CHICAGO -- Tim Armstrong is the corporate villain du jour for singling out the high costs of caring for sick babies. But the AOL chief executive did America's premature infants a big favor by bringing their pint-sized pains to national attention.
Trust me, no one thinks nearly enough about preemies.
Not modern medicine -- it has advanced in treating neonates but not in preventing premature births. And not mothers-to-be -- even the ones who obsess about every moment of their pregnancy in the hopes of having a healthy baby.
More on that in a moment.
First, let's recap.
During a conference call with employees, Armstrong is reported to have blamed changes to the company's retirement savings plan on higher medical costs associated with the Affordable Care Act and on the 2012 births of two "distressed babies" of AOL employees who supposedly had cost "a million dollars each" to care for.
Armstrong later apologized and even reversed his decision on the 401(k) match, but not before the novelist Deanna Fei -- the wife of an AOL employee who recognized her family's situation in Armstrong's comments -- went public with her humiliation.
Good for her. She is a great champion for preemies.
Writing in Slate magazine, Fei described the lead-up to her daughter's birth: "There was nothing high-risk about my pregnancy. I never had a single risk factor for a preterm birth, let alone one as extreme as this one. Until the morning I woke up in labor, every exam indicated that our daughter was perfectly healthy."
Welcome to the club, momma. It's a terrible sisterhood to belong to and -- adding insult to injury -- a lot of people mistakenly believe that mothers who have preemies are poor, uneducated and unhealthy and could (and should) have prevented it.
Though it is statistically accurate to say that minority women tend to deliver preterm babies more often than whites, "premature birth can happen to anyone," the Mayo Clinic notes.
I've had three babies, each one born preterm. Previous premature delivery is a risk factor for a preemie birth, so the second and third early arrivals were less of a shock. But that first infant set me straight on all the preconceived notions.
I was middle class, college-educated, healthy, of normal weight, and I didn't drink or smoke. I ate well, exercised throughout my pregnancies and, it goes without saying, had excellent health care that included a thorough birthing class in which my husband and I learned about all the emergency protocols and birthing tools that are used to deliver a distressed baby.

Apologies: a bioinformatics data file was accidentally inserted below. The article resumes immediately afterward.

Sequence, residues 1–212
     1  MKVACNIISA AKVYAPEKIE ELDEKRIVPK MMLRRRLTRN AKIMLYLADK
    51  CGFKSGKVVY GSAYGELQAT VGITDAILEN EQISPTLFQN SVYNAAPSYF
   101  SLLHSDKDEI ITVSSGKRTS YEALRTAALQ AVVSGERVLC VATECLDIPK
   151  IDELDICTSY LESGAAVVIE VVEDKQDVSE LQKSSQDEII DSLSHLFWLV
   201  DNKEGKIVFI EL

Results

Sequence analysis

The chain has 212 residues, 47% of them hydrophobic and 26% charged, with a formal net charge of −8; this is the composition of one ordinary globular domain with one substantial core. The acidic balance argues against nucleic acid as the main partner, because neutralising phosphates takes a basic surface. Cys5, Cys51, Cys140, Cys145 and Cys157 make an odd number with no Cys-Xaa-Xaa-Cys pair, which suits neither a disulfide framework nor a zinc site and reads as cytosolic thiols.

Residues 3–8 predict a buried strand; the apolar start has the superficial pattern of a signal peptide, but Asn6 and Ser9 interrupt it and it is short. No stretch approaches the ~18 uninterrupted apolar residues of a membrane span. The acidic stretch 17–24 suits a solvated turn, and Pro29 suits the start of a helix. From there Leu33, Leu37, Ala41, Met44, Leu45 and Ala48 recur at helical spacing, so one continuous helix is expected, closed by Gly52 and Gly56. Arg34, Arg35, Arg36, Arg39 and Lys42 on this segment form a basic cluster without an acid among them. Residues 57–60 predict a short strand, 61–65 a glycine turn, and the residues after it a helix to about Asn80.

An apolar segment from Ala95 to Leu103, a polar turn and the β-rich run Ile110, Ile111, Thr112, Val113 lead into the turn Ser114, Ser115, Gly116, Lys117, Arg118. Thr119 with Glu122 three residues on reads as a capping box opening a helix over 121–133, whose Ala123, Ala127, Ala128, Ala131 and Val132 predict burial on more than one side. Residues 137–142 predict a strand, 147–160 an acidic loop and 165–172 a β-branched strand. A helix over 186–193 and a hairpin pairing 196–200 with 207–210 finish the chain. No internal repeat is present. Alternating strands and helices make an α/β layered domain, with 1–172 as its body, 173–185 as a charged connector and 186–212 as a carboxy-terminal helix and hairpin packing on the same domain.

Nothing had prepared us to actually need to understand the medical jargon and recognize all the equipment a struggling preemie needs just to breathe and eat.
Yet, though we live in one of the richest countries in the world, we were just one of a very large crowd of families in the United States who very unexpectedly didn't have the storybook birth they'd dreamed of.
According to the World Health Organization, 12 percent (500,000) of all babies in the U.S. are born before their due date -- a rate far higher than in Europe, Canada, Australia or Japan. Put another way: Preemies represent about one in eight live births in this country.
And the ones who survive do so at a ridiculous expense. According to the March of Dimes, preterm births in the United States cost more than $26 billion annually.
By all means, let's talk about preemies: Their multibillion-dollar annual cost, how their gestation could eventually be prolonged, how their early arrival sets them up for a lifetime of catching up to peers, and how pregnant women can be effectively targeted for preventive measures.
As a boss, Armstrong might care primarily about the employer costs of an unexpectedly premature baby. But as a leader he can redeem himself from his gaffe by joining the rest of us in pushing for medical breakthroughs that will spare families the awful pain of delivering their babies too soon.
Esther Cepeda is a syndicated columnist.